Beaver Effortlessly Warm Up (Study)

Sea otters have tough skin, can live up to eight minutes without breathing to fetch crabs and shellfish, and generate heat from their muscles to withstand the icy waters of the North Pacific, according to a study released Thursday. Huh.

North America’s smallest marine mammal has a unique mechanism of energy conversion when other mammals warm up their muscles by activating them through exertion or involuntary jerks, according to this study published in the journal Science.

Lead author Trevor Wright of Texas A&M University told AFP that the beaver’s water-resistant fur can limit heat loss, but the water-resistant is not enough to survive in water. Alaskan sea ice, their main habitat.

Scientists already knew that otters, belonging to the beaver family, burn about three times more energy than mammals of the same size, and that they can consume up to 25% of their body mass per day.

Canadian sea otters at the Amneville Zoo, France, June 5, 2021 (AFP / Archives – Jean-Christophe Verhagen)

But it was not yet known which tissues use this energy and how it is converted into heat.

Mr Wright and his colleagues have taken muscle samples from sea otters that have died or recovered by the Monterey Bay Aquarium, which treats them before releasing them.

Then they measured their oxygen consumption.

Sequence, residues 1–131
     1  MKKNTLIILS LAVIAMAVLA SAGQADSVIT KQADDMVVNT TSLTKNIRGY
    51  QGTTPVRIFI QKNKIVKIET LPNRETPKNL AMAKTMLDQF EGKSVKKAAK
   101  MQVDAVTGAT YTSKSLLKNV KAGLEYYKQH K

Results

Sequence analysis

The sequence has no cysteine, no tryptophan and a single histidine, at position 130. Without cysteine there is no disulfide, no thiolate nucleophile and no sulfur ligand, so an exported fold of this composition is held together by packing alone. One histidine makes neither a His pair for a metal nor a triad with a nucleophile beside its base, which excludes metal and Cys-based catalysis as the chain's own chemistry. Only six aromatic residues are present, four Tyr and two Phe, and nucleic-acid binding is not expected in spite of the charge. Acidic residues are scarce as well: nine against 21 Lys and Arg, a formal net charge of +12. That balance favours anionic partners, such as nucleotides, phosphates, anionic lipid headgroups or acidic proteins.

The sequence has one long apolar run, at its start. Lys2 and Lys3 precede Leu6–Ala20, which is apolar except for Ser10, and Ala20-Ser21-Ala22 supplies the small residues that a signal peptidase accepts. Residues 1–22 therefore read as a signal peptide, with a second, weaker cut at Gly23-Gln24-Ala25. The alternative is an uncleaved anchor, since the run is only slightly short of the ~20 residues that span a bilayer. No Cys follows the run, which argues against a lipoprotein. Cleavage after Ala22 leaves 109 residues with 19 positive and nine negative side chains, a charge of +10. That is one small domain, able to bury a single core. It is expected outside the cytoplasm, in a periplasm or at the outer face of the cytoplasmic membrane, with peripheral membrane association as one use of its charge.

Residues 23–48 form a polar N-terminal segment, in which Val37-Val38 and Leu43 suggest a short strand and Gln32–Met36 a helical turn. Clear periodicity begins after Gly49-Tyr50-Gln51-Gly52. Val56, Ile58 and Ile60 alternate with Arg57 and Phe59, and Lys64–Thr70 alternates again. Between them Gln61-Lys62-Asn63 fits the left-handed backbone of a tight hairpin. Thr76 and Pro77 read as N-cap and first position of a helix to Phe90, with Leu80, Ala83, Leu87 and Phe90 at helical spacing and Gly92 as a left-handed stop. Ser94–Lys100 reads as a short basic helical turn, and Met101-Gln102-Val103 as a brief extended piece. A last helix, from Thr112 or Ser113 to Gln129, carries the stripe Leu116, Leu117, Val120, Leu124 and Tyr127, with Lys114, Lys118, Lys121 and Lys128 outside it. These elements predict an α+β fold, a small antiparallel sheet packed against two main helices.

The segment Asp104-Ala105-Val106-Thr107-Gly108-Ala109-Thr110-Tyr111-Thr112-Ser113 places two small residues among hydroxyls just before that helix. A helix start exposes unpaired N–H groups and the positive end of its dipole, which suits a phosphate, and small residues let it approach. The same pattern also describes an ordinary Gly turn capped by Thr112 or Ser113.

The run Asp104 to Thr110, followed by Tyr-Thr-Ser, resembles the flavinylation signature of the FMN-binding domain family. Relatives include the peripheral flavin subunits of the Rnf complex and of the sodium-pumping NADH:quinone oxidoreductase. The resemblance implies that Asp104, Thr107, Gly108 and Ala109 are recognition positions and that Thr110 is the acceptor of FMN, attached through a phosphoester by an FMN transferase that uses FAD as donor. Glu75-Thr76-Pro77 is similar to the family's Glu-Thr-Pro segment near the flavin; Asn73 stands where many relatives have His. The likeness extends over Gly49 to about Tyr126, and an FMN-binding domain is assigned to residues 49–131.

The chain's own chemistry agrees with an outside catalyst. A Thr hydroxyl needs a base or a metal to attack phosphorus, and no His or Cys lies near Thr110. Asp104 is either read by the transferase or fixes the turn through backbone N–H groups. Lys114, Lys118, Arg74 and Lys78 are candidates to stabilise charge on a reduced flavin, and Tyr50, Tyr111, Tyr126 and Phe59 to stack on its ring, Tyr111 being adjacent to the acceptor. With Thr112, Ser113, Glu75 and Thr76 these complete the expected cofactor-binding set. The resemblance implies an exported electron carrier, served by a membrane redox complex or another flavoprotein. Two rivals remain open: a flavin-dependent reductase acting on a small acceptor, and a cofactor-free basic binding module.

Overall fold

– generate heat without doing anything –

In general, animals generate heat by activating their muscles, but in otters, most of the metabolic energy produced by sugars and fats is used to supply heat to the body by their muscles, without causing them to contract.

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A Canadian sea otter at Hakkejima Water Park in Yokohama, Japan on February 11, 2017 (AFP - Kazuhiro Nogi)

A Canadian sea otter at Hakkejima Water Park in Yokohama, Japan on February 11, 2017 (AFP – Kazuhiro Nogi)

“They are very good at generating heat without doing anything,” Dr. Wright explained.

This energy would be wasted for land mammals like humans, “but if you’re an animal that wants to be warm, this +wasted + energy is fine” in ice water to maintain a temperature of 37 °C, a T-he says.

This ability is present in otters from birth, whether in the wild or in captivity.

Like other marine mammals, they may have evolved when their ancestors took to the ocean 50 million years ago, but this hypothesis needs to be confirmed with further research.

According to Trevor Wright, knowledge of otter metabolism can also help in curing obesity in humans.

“If we can manage to increase the production (of heat) and basal metabolism, we can theoretically stimulate the human metabolism and make it burn more calories”, even playing sports Even without, he explained.

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